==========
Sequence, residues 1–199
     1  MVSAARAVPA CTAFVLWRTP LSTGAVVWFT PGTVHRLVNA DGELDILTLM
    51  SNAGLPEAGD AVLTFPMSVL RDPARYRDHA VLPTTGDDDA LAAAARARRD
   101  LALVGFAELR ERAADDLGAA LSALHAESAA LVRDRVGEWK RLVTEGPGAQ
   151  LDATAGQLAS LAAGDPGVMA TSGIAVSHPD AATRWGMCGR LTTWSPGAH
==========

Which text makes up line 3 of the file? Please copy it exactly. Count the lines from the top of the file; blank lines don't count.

    51  SNAGLPEAGD AVLTFPMSVL RDPARYRDHA VLPTTGDDDA LAAAARARRD